A majority of workers don’t trust their top leaders at the Bureau of Alcohol, Tobacco, Firearms and Explosives (ATF), the federal agency mired in controversy in the “Fast and Furious” scandal.
An internal memo that Fox News
obtained unveiled the mistrust within the agency, where informants alerted lawmakers to the gunrunning scandal and subsequently were threatened or punished.
The deadly scandal came to national attention last year after the ATF allowed suspected weapons traffickers to buy guns in an effort to track them to Mexican drug cartels. Many of the weapons disappeared and were used in crimes, including the murders of a Border Patrol agent and an immigration officer.
“A key area in which ATF fell short was leadership,” according to an ATF email evaluating the survey results.
“Most troubling were responses to the question — ‘My senior leaders maintain high standards of honesty and integrity,” the email read.
Just 44 percent of ATF employees surveyed said their leaders maintained these standards last year, according to the Partnership for Public Service, the nonprofit organization that administered the annual survey.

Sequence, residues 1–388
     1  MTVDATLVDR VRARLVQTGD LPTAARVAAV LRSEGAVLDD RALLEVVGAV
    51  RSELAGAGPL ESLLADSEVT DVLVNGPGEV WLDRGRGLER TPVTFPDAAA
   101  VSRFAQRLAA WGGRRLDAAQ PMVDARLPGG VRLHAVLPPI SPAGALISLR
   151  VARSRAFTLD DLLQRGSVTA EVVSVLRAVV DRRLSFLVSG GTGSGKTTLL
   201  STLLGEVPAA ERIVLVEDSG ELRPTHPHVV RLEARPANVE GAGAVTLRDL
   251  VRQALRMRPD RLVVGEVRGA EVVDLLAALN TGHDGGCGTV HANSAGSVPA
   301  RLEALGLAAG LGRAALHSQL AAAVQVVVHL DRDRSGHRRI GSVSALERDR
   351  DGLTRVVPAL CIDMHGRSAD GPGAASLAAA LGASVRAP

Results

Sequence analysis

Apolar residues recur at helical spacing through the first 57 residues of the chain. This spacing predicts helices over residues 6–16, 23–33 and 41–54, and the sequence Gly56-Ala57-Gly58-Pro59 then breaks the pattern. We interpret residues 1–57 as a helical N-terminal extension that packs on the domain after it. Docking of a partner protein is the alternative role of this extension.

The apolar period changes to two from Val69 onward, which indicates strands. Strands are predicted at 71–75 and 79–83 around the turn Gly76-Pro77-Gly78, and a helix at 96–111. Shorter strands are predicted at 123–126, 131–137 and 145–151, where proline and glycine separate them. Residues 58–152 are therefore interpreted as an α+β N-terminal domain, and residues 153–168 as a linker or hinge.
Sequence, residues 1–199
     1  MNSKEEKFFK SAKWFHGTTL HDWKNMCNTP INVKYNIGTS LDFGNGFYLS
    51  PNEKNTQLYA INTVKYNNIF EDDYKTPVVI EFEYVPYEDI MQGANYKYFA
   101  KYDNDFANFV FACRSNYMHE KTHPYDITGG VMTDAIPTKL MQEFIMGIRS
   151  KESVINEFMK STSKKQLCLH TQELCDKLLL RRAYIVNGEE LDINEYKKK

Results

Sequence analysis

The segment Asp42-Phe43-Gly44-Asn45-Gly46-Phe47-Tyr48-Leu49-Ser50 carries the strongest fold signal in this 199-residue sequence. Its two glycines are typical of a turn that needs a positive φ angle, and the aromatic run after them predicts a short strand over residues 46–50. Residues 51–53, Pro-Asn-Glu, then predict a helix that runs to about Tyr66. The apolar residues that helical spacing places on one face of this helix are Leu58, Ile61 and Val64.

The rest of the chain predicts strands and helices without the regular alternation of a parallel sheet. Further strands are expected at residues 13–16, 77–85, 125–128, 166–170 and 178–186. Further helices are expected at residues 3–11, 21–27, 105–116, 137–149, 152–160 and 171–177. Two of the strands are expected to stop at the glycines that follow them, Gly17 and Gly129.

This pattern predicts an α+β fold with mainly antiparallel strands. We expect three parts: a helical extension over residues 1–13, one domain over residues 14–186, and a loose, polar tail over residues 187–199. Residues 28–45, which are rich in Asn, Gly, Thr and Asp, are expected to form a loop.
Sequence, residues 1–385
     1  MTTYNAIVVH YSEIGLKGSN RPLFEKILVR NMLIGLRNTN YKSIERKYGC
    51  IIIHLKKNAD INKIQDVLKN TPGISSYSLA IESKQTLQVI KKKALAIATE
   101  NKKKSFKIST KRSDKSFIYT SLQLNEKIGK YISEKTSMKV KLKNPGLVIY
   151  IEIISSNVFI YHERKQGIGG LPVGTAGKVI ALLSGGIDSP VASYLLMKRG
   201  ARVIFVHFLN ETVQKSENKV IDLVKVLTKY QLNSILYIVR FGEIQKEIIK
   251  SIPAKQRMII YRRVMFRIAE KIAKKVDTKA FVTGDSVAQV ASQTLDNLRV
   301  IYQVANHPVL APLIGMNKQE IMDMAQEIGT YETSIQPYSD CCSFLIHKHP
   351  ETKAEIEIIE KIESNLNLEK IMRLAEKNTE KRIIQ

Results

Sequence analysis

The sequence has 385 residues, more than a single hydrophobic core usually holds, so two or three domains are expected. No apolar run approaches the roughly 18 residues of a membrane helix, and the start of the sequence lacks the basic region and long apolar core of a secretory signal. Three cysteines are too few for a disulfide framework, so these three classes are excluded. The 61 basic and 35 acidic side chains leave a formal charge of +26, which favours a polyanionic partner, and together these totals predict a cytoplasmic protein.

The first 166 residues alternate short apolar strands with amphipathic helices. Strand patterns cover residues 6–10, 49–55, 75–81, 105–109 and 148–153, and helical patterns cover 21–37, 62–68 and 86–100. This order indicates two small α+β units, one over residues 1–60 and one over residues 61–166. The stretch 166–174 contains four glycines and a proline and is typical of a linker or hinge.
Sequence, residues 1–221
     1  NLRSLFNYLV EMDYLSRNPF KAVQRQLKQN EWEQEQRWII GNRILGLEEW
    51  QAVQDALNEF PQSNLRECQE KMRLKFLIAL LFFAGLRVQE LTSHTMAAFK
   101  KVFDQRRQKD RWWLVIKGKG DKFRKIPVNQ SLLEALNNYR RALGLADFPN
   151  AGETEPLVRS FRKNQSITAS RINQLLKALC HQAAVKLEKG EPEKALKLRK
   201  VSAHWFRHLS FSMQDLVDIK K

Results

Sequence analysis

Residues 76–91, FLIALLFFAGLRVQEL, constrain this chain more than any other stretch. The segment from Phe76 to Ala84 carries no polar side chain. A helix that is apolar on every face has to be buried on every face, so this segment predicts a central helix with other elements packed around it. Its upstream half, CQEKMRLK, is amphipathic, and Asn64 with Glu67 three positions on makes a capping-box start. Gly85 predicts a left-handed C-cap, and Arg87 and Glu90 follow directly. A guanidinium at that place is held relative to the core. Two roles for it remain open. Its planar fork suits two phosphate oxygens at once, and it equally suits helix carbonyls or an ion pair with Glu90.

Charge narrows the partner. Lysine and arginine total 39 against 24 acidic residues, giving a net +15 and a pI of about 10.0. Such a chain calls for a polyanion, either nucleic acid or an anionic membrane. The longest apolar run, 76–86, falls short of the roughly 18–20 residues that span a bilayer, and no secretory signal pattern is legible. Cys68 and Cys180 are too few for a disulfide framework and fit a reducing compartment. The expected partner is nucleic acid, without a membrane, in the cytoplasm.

On general “leadership effectiveness,” the department scored 40.5, which ranks it nearly last among government agencies. The rating, the first since the “Fast and Furious” scandal came to light, has plunged 10 percentage points from the year before.
“The controversies plaguing ATF over the last year have weighed heavily on the morale of employees and their faith in senior leadership,” ATF spokesman Drew Wade said in response to the survey, acknowledging that “mistakes were made.”
But the agency is working hard to reinvent itself, he said.
Acting Director B. Todd Jones “has put new leaders in place in new positions to enhance the quality of leadership and take ATF in the right direction. The new leadership team is working hard to earn [the] trust again of employees,” Wade said.
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